RESIDENTS displaced by the Glasgow School of Art fire are ‘preparing for the worst’ when they are finally able to return home next month.

Concerns have been raised that houses within the cordon could have been damaged or ransacked after their doors were kicked in by emergency services.

CASE STUDY: My poor little sister doesn’t understand why we can’t go home - neither can I

It is believed the doors were destroyed by firefighters ensuring that no one was left behind when the streets were evacuated.

A subsequent security breach is thought to have then led to police kicking them in again.

Vacant property management firm Orbis has been drafted in to board up the damaged doors and later billed tenants for the damage.

Residents are also facing increasing financial hardship as the £3,000 statutory payment the council made under the Housing Scotland Act 2001 has dwindled.

CASE STUDY: My poor little sister doesn’t understand why we can’t go home - neither can I

A provisional timeline of between the 21 August and 1 September has been given to residents as a possible ‘move in’ date but council bosses say no date has been set.

Adrian Nairn, of the Garnethill Displaced Residents Group, said there has been ‘rumours’ circulating that homes within the cordon have been looted.

He added: “No one knows what to expect. We’ve advised everyone to take pictures when they get in to make sure there is documentation of any damage.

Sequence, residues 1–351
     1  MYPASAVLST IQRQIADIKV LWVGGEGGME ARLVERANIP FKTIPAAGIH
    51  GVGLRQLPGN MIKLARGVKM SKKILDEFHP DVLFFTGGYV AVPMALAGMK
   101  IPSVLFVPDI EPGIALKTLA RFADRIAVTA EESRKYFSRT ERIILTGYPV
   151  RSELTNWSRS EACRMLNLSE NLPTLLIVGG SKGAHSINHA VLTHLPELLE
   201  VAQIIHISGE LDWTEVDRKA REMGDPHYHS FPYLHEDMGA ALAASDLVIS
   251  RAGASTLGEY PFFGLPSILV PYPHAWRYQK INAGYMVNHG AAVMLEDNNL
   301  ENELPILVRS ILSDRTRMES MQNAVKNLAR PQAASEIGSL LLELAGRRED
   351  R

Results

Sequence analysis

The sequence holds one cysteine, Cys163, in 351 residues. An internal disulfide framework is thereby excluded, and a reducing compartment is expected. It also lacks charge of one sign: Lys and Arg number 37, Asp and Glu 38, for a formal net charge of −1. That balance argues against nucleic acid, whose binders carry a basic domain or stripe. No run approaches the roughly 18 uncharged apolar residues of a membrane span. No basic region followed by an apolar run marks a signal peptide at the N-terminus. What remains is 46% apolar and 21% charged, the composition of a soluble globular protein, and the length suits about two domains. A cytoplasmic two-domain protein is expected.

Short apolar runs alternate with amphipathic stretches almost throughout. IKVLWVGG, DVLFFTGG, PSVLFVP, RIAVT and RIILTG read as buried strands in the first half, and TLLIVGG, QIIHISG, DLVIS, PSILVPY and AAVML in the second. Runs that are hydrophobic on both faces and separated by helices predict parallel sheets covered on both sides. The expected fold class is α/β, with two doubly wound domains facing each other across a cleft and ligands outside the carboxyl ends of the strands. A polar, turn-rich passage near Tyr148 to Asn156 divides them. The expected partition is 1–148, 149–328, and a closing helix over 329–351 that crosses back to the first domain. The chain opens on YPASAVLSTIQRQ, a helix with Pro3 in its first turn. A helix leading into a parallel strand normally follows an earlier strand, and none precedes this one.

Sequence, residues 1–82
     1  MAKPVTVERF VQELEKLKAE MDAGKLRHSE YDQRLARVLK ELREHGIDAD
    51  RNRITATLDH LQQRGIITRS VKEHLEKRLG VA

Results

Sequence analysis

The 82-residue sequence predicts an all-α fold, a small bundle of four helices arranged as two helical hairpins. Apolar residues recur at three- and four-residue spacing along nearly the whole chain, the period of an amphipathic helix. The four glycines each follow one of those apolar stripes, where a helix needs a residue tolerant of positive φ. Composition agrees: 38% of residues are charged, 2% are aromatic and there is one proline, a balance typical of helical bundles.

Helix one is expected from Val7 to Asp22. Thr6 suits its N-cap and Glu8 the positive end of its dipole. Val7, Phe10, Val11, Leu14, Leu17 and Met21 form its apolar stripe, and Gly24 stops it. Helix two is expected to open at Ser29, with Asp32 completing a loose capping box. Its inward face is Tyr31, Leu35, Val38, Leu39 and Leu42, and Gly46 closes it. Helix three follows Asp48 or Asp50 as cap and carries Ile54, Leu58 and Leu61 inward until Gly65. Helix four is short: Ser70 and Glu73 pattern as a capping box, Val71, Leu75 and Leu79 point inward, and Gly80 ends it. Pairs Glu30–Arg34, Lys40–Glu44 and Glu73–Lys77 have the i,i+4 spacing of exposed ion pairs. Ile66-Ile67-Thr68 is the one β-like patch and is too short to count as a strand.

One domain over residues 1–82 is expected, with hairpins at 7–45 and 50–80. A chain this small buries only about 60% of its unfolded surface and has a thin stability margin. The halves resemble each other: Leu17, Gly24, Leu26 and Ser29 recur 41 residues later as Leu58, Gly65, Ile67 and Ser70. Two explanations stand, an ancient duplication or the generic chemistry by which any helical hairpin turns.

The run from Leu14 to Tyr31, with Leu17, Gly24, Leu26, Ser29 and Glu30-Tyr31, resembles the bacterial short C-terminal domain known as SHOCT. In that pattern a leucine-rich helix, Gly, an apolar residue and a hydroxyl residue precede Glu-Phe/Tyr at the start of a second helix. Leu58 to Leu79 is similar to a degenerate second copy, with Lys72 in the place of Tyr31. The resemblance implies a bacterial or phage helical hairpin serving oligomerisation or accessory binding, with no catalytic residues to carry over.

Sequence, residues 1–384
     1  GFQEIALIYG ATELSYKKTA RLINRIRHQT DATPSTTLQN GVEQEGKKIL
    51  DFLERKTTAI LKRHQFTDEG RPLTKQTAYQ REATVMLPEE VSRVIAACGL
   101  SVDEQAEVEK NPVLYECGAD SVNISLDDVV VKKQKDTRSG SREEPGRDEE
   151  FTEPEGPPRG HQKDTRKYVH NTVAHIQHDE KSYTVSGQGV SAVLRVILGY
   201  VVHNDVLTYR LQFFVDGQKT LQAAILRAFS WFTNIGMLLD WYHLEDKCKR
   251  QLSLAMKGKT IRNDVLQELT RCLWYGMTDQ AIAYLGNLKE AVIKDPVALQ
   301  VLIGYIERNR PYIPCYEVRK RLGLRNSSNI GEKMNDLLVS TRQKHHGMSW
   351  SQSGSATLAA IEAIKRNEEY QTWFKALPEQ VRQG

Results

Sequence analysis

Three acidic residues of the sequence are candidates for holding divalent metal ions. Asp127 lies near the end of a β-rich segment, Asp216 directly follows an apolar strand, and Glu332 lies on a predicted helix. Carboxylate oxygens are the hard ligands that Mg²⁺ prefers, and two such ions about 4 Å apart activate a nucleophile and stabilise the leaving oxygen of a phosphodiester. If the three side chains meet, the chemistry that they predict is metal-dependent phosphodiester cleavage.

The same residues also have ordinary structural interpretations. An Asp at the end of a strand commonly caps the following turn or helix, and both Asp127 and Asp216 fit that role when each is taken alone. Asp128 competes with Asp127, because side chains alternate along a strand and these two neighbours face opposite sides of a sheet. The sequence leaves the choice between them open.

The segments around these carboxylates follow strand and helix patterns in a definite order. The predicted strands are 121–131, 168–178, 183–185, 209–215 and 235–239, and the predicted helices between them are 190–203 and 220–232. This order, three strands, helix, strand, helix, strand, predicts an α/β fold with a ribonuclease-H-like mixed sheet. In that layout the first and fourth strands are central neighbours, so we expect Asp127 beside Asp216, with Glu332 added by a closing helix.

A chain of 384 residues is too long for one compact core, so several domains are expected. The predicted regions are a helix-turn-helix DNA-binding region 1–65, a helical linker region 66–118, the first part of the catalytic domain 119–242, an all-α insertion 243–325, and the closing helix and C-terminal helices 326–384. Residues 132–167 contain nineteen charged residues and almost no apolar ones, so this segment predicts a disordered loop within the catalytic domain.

“We know the doors have been boarded up because a few people were able to get through the cordon and some homes now have new locks.

"Police Scotland and Glasgow City Council have given us assurances on a number of occasions that our homes were secure and safe."

Another resident, who asked not to be named, said: "I don’t think someone's been in and tidied the place up.

"I’ve spoken to some of the emergency joiners who put the panels up and they looked pretty rattled about what they’ve seen. That didn't reassure us either.

"It's become a full time job dealing with the fall out and dealing with neighbours who are traumatised.

"The building burning down was quite something and there are still people being moved around. It's not anybody in particulars fault - it just shows how unprepared they were."

Charing Cross Housing Association, who factor many of the buildings, have been praised for their ‘swift’ action and forward thinking throughout the evacuations.

Plans are currently being put in place to ensure residents are able to return to normality as soon as possible.

Services including gas, water and electricity will have to be switched on at the same time, joiners and locksmiths will have be present.

Some residents are also looking to get Environmental Health, pest control and refuse services on hand.

A spokesman for Glasgow City Council said: “We’re not aware of any break-ins.

“The council’s first priority is to get people back to their homes and businesses safely.

“We will revisit the cordon when it is safe to do so.”